The Marshall project launched last weekend. Though it sounds like a cross between a country/rock band and a plan to rebuild Europe, it’s actually a journalism non-profit focusing on criminal justice. Their first pieces examined federal habeas corpus petitions, those are a key way that federal courts review state criminal convictions. A 1996 law puts significant limits on habeas petitions including a one year filing deadline. The Marshall project notes that the deadline caused some death row prisoners to miss the cut off and and to die without a federal court reviewing their case. But the deadline is not the real problem, and a recent U.S. Supreme Court decision shows how even those who file on time are destined to lose on habeas review. [Read more…]
Maine Federal Criminal Defense Articles
As a federal drug trafficking defense attorney, I see the damage caused by harsh drug sentencing guidelines. Reductions in those guidelines have been approved and are set to take effect this fall. In Maine, federal courts are already using the reduced drug distribution guidelines. But will these reduced federal drug sentences be applied retroactively? The U.S. Sentencing Commission held a hearing Tuesday, June 10, 2014 to consider that very issue. At the hearing, the U.S. Department of Justice came out in support of some limited retroactivity.
The so called “Smarter Sentencing Act of 2013” was voted through the Senate Judiciary Committee on 1/30/14. You can read the text of the bill here. If it becomes law, the act will make some important changes to Federal Drug Trafficking sentencing by:
Citizens can generally refuse to talk to police or prosecutors, but the United State’s Attorney has figured a way around that. Federal prosecutors can serve people with a grand jury witness subpoena, a court order forcing them to appear in court to truthfully answer questions. This process is a way for prosecutors to build a case against their main targets, but it’s also one of the ways that people loosely connected to criminal activity end up charged with Federal crimes. The grand jury process is secret, confusing, and dangerous. A criminal defense attorney who understands that process can help limit the witnesses’ risk, and might even be able to secure the witness immunity. [Read more…]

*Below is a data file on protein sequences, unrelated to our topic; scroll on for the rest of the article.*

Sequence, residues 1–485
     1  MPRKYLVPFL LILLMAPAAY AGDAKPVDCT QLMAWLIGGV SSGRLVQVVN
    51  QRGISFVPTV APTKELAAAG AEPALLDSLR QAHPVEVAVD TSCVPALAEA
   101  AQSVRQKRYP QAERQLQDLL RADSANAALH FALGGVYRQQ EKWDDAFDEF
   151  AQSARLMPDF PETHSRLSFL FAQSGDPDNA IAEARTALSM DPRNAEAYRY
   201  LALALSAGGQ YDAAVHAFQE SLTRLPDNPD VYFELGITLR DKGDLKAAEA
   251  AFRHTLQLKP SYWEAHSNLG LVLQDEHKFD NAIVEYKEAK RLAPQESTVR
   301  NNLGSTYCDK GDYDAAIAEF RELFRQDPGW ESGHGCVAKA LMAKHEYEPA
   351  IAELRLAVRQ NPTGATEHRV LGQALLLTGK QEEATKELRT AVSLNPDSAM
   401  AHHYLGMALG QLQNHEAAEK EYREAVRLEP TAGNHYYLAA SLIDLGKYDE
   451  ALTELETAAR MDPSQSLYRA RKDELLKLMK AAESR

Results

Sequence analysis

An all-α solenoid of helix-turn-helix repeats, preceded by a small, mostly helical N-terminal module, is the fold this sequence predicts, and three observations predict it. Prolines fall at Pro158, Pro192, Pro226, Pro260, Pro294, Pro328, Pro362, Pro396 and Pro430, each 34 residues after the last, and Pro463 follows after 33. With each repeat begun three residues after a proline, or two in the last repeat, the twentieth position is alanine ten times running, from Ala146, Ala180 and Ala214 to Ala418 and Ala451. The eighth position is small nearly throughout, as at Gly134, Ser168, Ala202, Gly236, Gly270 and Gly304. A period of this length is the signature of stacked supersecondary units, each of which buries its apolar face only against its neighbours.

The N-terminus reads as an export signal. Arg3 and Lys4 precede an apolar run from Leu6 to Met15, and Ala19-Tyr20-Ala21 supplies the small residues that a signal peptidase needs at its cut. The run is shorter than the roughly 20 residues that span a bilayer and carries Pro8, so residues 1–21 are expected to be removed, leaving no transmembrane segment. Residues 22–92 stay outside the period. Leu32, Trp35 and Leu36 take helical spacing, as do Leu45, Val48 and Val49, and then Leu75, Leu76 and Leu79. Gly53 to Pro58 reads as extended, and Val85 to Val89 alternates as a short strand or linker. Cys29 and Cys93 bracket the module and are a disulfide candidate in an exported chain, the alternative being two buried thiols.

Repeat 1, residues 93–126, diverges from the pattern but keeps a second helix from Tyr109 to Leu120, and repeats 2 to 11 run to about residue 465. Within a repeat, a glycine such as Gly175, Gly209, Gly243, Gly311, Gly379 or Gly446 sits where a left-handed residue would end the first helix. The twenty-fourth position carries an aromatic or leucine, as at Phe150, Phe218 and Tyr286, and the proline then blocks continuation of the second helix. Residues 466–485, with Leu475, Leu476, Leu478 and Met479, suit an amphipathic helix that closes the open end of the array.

I have written before about how Maine laws define drug trafficking. When that trafficking involves a large amount of drugs, or some other aggravating factor, the crime is elevated to “Aggravated Trafficking in Scheduled Drugs.” That charge forces the judge to impose a mandatory minimum prison sentence but also increases the maximum sentence for the crime. This article discusses how the law works, the sentences involved and the facts the prosecution can allege to enhance drug trafficking to the aggravated crime. There is also a bit of information about Federal drug trafficking charges. Use the links below to navigate to a particular section of the article: [Read more…]
Many people understand that felons can’t possess guns because they are subject to a federal firearms prohibition. What most do not realize is that federal gun laws make it a crime for many others, even those with no criminal convictions, to possess firearms. This article will address these issues and explain who is prohibited from doing what. You can use the links below to jump to a specific section of the article. [Read more…]
You might be surprised to learn that in Maine, many Drug Trafficking cases are charged where no one was actually caught selling drugs. One common scenario is that police search a person or vehicle, often after using drug dogs to get probable cause, they then find drugs that they believe were intended for trafficking. The case is then submitted to the Prosecutor and, in York, Cumberland, Androscoggin, and most other Southern Maine Counties, these cases will be approved for Felony Drug Trafficking Charges. Click this link for information about Drug Possession Charges.